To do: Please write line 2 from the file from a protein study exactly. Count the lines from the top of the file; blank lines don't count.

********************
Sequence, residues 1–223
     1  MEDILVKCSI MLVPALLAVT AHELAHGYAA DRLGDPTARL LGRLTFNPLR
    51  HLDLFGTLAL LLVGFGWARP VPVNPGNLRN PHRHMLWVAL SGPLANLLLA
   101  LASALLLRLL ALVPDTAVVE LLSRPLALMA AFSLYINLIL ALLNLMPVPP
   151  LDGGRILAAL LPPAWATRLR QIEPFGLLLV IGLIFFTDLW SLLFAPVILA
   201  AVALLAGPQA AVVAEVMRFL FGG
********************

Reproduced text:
     1  MEDILVKCSI MLVPALLAVT AHELAHGYAA DRLGDPTARL LGRLTFNPLR